Video Analysis = Results

Why do I use video analysis?

To make sure that I don't miss analyze! I can watch your swing and the flight of the ball, and have a very good idea if anything is 'wrong' with your swing. Of course the most important aspect is the flight of the ball. But if your ball flight is not correct or not consistent, I want to be able to slowly step through your swing on video to make sure of the proper diagnosis. I think that without the video the diagnosis is an educated guess. The better the instructor, the more accurate the educated guess. But with the video, I can ensure an accurate diagnosis. I can also leverage the video to communicate with the client exactly what his swing looks like. I may say he's coming over the top but he may not feel it, and may not be convinced in his own mind that he has this swing flaw. But if I can show him the video, it's like a light goes on. Click, "Oh, I see!" From this point I (and my client) have no doubt what needs to be adjusted in the swing to bring proper ball flight with more consistency.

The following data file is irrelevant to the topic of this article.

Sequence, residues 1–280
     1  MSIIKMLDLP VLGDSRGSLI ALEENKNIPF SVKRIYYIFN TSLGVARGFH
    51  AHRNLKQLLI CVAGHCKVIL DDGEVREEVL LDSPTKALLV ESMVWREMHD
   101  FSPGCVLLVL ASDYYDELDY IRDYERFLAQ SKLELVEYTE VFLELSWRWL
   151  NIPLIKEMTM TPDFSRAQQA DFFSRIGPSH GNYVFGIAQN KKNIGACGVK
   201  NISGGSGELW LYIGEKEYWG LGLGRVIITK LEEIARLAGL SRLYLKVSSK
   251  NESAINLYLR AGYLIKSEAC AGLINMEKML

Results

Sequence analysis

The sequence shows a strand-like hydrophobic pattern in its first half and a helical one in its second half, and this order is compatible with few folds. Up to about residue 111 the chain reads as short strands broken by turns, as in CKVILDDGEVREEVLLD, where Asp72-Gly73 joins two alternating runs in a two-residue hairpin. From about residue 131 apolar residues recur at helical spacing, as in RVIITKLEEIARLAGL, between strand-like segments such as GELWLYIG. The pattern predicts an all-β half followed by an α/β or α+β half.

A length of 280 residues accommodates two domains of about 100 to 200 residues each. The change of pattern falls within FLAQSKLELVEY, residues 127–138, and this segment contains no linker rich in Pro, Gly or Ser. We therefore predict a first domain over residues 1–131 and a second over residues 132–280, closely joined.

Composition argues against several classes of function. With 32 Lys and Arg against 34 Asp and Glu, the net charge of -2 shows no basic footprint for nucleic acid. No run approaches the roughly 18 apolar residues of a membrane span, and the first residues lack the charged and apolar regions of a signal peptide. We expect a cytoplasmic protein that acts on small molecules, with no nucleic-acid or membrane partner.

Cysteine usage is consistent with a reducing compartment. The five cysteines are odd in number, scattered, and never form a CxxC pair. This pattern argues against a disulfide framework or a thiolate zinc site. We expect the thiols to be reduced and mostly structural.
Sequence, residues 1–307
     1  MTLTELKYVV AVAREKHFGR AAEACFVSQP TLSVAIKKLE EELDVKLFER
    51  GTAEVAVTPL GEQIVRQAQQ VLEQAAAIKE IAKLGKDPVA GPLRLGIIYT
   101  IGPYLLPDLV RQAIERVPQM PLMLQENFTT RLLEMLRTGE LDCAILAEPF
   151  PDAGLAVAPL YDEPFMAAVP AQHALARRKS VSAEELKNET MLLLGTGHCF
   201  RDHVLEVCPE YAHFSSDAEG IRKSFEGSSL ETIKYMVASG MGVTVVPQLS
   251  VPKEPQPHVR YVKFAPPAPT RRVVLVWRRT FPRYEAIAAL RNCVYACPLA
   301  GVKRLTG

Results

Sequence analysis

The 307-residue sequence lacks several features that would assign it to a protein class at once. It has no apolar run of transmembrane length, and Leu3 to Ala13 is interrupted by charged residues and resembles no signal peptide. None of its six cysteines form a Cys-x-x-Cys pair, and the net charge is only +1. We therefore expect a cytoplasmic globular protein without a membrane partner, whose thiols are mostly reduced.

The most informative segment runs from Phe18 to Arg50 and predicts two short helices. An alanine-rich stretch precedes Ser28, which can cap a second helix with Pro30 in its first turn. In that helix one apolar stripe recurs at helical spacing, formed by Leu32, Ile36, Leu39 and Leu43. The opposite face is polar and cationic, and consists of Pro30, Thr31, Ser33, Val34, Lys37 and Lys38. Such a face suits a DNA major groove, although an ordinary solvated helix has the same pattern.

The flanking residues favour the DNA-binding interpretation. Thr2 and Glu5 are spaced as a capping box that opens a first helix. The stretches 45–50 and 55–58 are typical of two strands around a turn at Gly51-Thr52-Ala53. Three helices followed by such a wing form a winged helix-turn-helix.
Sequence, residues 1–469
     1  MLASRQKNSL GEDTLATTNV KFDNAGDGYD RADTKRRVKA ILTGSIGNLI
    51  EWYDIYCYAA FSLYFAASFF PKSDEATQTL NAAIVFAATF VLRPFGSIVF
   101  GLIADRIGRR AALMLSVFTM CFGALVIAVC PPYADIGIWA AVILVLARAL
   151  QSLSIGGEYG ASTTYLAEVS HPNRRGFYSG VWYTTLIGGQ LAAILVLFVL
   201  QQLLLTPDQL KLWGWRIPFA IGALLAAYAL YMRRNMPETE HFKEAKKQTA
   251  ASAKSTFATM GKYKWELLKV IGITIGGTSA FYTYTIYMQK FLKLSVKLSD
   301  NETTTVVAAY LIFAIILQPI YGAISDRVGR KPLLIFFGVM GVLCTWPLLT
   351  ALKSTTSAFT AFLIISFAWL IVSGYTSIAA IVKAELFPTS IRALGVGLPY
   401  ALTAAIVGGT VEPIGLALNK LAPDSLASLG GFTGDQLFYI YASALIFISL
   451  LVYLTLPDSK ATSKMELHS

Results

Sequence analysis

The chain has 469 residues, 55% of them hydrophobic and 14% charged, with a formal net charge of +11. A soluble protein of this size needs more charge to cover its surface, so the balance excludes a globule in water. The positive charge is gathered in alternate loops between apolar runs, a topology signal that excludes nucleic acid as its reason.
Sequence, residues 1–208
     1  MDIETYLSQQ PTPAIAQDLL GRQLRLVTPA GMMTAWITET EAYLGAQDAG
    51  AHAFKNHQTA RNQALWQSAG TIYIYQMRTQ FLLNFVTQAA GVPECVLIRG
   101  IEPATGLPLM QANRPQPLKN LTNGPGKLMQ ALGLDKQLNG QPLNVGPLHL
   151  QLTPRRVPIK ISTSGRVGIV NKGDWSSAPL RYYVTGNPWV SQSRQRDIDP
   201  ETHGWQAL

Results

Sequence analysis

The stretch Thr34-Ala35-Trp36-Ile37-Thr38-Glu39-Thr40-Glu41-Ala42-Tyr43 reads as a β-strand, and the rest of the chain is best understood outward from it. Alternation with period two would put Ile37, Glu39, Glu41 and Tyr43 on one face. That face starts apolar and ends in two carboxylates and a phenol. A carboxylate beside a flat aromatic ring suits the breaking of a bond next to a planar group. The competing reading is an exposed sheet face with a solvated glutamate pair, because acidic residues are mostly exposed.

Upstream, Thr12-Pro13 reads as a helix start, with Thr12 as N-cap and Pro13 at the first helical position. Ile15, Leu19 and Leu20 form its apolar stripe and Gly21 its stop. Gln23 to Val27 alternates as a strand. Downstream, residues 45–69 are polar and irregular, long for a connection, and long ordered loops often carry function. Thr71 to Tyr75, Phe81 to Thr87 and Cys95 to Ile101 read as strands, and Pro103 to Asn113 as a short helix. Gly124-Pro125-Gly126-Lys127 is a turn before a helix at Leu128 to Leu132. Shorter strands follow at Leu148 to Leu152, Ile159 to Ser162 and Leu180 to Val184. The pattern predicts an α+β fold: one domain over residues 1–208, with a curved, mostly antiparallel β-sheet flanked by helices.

Now if a client comes to me the day before a tournament and is hitting the ball fairly well, but there is an aspect of his swing that is noticeably incorrect, that is not the time to make adjustments. On the other hand if we have 1 or 2 weeks to correct a flaw, and I know that he can make the adjustment in that time frame, then we should do it. I think that video is the only accurate way to analyze. 

Now video is not the only way to teach the golf swing. There are some players who are 'feel' players. They go by feel and make adjustments by feel. They just don't care what the video looks like, they care how their swing feels. And I will help them make adjustments by feel. There are other players who make adjustments visually and mechanically. To them the video shows exactly where their swing is now, and what needs to be done to make any corrections. This is an important distinction to make, as it determines how I will communicate swing change to them. But in either case, I can leverage the video to document to the client any swing flaws. And then after instruction, I can show you your improvement compared to your original swing

Are you getting better?

One of the biggest problems that most amateurs make in their quest to improve their swing is to try one 'tip' after another. But if you haven't diagnosed the problem and what is causing it, the tip may actually create more problems instead of helping it.